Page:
Rock Hard Ten Goes to Gate School

(from Belmont Park notes)

In the Preakness on May 15, Rock Hard Ten, a huge colt, was especially conspicuous. As the last horse loaded into the gate at Pimlico, Rock Hard Ten had the attention of the racing world and NBC's national audience as he kicked, balked and fought his way into finally settling in the starting gate.

After he ran second in the Preakness, 11 ½-length behind Smarty Jones, it's obvious that to upset Smarty Jones' bid to become racing's 12th Visa Triple Crown winner in the $1 million Belmont Stakes on June 5, it certainly behooves him to learn better gate etiquette.

His lessons started May 22.

After the mid-morning break and after jockey John Byrne galloped him a mile and an eighth around the main Belmont track, Rock Hard Ten was brought to New York Racing Association consulting starter Bob Duncan to school at the gate.

Duncan's knowledge and patience soon established the necessary rapport with Rock Hard Ten to handle the task ahead.

"This was a good first day," said Duncan, who got Rock Hard Ten to stop kicking and to walk in the gate and stand straight. A lot of the good we did today was right back here behind the gate. We had other horses here, a lot of people and a lot of activity. I just kept walking him, petting him, talking to him and gaining his trust.

"When he first came here this morning, I needed a lot of pressure to get him to back up. Before too long, I could back him up with less pressure and finally, all I had to do was move my shoulders a little bit."

Duncan patiently walked Rock Hard Ten up to the starting gate, where the bay colt kept sticking his nose out to check out the individual stalls. Although he kicked a bit early on, he seemed more curious than mean and soon he stopped kicking completely. Duncan walked him into and through the stall, walked him in and backed him out, brought him in the opposite way and stood him, while he and two assistant starters petted him. He worked with the colt for about 30 minutes.

"The cowboys described horses as using the left side and right side of the brain," Duncan said. "The horse's left side will let him take things in, process the information and reason things out. The right side knows only fright and flight.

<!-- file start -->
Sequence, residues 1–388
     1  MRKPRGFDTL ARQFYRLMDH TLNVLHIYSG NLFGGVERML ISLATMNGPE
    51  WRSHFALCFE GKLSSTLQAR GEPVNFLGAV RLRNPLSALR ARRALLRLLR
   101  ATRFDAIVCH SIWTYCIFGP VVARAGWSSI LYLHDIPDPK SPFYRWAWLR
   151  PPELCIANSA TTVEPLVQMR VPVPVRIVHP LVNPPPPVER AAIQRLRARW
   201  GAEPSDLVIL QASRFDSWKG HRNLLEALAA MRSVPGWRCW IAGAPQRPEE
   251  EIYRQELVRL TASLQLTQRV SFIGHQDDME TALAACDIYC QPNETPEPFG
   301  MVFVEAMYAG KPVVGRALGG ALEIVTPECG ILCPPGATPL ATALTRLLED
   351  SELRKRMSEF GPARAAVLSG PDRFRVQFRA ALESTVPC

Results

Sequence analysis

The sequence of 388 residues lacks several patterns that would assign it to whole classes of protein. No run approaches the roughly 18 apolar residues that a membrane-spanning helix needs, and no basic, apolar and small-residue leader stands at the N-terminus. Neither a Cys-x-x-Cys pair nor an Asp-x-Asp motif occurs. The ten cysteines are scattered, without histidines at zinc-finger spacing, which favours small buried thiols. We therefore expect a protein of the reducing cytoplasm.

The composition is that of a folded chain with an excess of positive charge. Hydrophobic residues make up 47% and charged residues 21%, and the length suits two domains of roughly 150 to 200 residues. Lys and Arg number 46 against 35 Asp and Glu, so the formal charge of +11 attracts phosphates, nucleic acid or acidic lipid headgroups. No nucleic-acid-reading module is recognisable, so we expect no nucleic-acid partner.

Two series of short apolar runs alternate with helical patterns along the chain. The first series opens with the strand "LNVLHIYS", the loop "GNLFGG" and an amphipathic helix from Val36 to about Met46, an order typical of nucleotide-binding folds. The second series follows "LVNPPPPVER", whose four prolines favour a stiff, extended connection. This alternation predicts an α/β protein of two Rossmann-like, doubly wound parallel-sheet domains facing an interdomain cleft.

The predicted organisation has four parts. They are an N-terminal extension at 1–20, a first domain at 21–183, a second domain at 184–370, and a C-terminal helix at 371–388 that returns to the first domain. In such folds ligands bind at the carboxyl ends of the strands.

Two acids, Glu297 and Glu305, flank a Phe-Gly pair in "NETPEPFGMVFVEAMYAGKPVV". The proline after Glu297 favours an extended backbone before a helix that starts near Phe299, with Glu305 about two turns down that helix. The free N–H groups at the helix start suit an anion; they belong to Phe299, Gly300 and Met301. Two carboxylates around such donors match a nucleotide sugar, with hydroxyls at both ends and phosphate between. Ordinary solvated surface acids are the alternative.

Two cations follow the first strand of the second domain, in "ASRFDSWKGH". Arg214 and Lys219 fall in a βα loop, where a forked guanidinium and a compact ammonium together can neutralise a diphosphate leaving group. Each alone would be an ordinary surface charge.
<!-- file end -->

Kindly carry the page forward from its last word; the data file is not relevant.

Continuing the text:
"Our job is to get him to that left-side thinking. If we started out today grabbing him and forcing him, he would have kicked out at any of us. Instead, I tried to first gain his trust so he knows I'm not going to hurt him. Then, gradually, I give him my signals to do what I want him to do. Once he realizes I'm no going to hurt him, he starts to relax and recognizes me as the leader.

"This is exactly what happens with horses in herds. I know it sounds ethereal and maybe it is a little hard to understand. But we are trying to think as a horse thinks."

Byrne was impressed with the half-hour session.

"He (Duncan) really knows what he is doing, and it was amazing to watch," he said.

Duncan said that Rock Hard Ten would likely school again on Sunday (May 23) morning.

"He might regress a little tomorrow, which is only natural," Duncan said. "But I am very happy where we left off today. The idea is to end each session on a positive note."

About the Author

The Blood-Horse Staff

The Blood-Horse is the leading weekly publication devoted to international Thoroughbred racing and breeding. Since 1916, the staff of The Blood-Horse has served the Thoroughbred community with the highest standards of journalistic excellence to provide comprehensive and timely editorial coverage and analysis.

Stay on top of the most recent Horse Health news with FREE weekly newsletters from Learn More